Questions to Ask When Considering Weight Loss Surgery

March 9, 2017
Office of Dr. Steven Fass

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When a person begins considering weight loss (bariatric) surgery, chances are many other options have been tried. However, there is still some misleading information that could cause someone to believe surgery is an “easy fix.” We want you to understand all the options available, and we want you to make an informed decision about what is best for you and your lifestyle. As you explore bariatric options, the following questions and answers may help guide you.

Does my BMI make me a candidate?

If you have a BMI greater than 40, you fall into the “morbidly obese” category. This is a strong indicator that weight loss surgery could be an option for you. However, your doctor will also take chronic health conditions, your lifestyle, and your family history into consideration when making a recommendation for surgery. In short, an obese-level BMI is not the only indication you should use when considering bariatric surgery.

Do I have a chronic health condition related to my weight?

Being overweight can lead to many health concerns since your body is under extra stress caused by the excess weight. Some common health concerns the doctor will assess are:

Diabetes
High blood pressure (hypertension)
High cholesterol
Heart disease
Sleep apnea
Acid reflux or gastroesophageal reflux disease (GERD)
Degenerative joint disease

If your BMI is greater than 35 and you have a chronic medical condition attributed to your weight, bariatric surgery could be a viable option. Unfortunately, not all medical conditions can be adjusted, since genetics play a role in our health as well. However, getting your weight under control through any method could lessen the impact of hereditary disorders on your lifespan.

Have I tried other weight loss options?

Carefully consider your other attempts to lose or control your weight. Have you followed a diet plan or been counseled by a nutritionist? Do you exercise regularly or have you done so in the past? With your doctor, be prepared to discuss how other options have worked for you.

Bariatric surgery should be the last option for patients who are morbidly obese. In fact, many insurance plans will require you to demonstrate other attempts to control your weight prior to undergoing surgery.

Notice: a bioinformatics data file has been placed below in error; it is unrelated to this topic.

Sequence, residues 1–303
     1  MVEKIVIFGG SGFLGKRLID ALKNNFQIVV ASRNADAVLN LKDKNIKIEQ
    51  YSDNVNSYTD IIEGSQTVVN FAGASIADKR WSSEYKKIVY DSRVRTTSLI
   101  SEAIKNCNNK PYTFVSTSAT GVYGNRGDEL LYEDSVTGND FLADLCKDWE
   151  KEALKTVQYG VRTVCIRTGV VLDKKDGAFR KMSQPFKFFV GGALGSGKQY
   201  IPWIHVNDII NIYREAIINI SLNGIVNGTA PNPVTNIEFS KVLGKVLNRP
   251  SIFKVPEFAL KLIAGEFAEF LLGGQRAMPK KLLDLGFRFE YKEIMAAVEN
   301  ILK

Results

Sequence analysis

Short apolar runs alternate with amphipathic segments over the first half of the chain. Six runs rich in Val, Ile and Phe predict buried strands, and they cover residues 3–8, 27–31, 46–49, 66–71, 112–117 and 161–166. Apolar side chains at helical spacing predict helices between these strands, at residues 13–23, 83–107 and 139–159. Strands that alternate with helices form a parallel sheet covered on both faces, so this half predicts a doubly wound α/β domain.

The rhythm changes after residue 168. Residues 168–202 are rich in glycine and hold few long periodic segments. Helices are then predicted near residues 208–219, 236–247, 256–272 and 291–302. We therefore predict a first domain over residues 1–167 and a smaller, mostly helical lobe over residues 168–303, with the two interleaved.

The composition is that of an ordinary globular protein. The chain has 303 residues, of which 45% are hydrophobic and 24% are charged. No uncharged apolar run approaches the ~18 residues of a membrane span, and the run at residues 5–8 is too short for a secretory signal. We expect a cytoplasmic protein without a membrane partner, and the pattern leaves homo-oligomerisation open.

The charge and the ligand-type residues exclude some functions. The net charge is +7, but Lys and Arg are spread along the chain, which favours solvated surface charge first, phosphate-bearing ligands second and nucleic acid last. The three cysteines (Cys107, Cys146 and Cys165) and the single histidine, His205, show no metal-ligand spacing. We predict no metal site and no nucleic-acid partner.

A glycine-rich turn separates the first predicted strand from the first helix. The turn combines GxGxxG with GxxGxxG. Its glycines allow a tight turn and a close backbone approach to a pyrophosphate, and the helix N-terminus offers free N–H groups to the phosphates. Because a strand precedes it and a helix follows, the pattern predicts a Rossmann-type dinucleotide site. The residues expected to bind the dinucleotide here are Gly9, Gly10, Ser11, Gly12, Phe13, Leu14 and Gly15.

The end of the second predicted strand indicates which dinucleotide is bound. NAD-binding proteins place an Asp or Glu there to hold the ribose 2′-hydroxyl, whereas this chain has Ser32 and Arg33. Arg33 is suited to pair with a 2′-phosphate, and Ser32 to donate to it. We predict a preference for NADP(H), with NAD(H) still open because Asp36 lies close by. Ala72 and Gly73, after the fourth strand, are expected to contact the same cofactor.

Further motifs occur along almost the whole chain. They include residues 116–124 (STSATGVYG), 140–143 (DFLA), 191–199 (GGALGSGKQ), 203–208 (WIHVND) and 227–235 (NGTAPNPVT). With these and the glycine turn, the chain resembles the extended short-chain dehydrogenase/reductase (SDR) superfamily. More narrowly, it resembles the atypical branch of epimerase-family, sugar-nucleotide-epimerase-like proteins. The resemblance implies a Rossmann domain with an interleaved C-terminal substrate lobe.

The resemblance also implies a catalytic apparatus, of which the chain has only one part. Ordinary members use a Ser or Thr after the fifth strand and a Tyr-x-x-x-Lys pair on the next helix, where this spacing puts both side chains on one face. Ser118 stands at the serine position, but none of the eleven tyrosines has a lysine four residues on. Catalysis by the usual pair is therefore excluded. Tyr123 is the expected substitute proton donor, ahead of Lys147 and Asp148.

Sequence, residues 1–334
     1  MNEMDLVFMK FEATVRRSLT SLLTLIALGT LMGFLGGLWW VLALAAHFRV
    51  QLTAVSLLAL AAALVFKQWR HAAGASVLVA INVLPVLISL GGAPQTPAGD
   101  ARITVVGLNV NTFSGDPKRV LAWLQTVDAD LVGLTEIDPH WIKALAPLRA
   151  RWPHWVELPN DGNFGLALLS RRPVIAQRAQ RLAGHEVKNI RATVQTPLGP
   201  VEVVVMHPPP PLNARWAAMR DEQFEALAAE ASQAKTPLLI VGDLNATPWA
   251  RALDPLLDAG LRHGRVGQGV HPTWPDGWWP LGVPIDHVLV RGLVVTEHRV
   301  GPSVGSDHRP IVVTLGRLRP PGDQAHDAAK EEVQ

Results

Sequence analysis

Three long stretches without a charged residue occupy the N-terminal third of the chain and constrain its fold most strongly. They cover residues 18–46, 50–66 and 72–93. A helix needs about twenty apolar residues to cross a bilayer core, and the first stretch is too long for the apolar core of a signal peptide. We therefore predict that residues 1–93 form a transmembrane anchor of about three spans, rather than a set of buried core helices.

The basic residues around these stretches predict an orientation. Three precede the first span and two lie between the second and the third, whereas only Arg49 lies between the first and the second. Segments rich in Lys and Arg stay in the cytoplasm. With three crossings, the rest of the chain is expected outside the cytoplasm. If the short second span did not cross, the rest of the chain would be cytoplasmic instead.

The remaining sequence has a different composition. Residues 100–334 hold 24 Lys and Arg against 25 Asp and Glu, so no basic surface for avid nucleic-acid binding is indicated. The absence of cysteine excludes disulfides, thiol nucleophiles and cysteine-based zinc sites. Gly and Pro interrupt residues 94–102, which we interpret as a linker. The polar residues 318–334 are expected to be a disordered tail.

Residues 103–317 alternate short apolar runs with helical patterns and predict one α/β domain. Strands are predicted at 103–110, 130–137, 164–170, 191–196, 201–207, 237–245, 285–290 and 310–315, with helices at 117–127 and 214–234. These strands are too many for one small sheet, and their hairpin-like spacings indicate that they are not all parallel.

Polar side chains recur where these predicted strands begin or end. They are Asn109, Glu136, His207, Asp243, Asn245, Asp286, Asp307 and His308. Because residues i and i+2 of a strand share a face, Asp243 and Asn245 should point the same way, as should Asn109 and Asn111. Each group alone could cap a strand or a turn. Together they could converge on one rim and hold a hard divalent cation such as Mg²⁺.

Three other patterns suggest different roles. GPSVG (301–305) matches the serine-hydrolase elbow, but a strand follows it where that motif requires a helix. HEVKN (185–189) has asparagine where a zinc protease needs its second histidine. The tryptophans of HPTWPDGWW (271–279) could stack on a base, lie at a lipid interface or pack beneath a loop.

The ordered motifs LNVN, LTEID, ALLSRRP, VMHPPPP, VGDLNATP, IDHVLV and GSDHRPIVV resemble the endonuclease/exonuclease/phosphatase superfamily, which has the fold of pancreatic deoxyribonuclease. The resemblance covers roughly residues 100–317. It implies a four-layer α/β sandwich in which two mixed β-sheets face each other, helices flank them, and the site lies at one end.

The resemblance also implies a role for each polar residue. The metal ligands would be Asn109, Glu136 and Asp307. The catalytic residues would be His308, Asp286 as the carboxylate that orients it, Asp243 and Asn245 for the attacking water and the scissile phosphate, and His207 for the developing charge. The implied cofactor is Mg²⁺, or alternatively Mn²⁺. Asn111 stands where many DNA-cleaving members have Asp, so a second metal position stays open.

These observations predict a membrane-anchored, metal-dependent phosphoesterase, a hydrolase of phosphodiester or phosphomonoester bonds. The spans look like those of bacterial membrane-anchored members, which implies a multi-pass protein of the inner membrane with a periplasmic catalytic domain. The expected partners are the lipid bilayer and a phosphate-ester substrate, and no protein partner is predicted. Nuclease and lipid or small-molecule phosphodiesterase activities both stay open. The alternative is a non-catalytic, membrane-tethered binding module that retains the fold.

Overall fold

Am I ready to change my lifestyle?

Undergoing surgery is a very big decision that will change your life. Certainly losing weight is a good thing for your health, but it is important to understand that surgery alone does not help you keep your weight manageable. Following bariatric surgery, you will be required to adhere to an extremely strict liquid only diet for the initial recovery period. Following that 8-12 week span, you may discover that your body processes food differently than it did before. You will need to take nutrition supplements to insure your daily nutritional needs are met.

Bariatric patients are also encouraged to eliminate or restrict sugar, fatty or fried foods, alcohol, and carbonated drinks from their diets. These are, of course, healthier choices you can make prior to surgery. After surgery, your habits will change out of necessity, and this can lead to strong emotions.

If you have struggled with diets in the past, you will want to carefully consider how difficult it will be to adhere to the post-surgery requirements. This is an important decision that affects both your physical and emotional well-being.

How much does surgery cost, and will my insurance cover this procedure?

While this is an important consideration, do not let it rule your decision. The average cost of gastric bypass or gastric sleeve surgery can range between $14,000-$30,000. However, most insurance plans will cover the procedure if it is medically necessary due to other health complications caused by your weight status. A quality surgeon will have office staff available to assist you in navigating insurance concerns and setting up a payment plan.

You will also want to make sure your insurance plan will cover follow up procedures and monitoring. Some patients find it necessary to undergo plastic surgery to address skin folds. Others may need the support of a psychiatrist during their recovery. Be sure to ask as many questions as possible of your insurance so that you are not surprised later. Talk with your doctor and other patients about concerns you have.

If you do decide weight loss surgery is the right choice for you, we are here to assist you every step of the journey. Our first and primary concern will always be for your best health.

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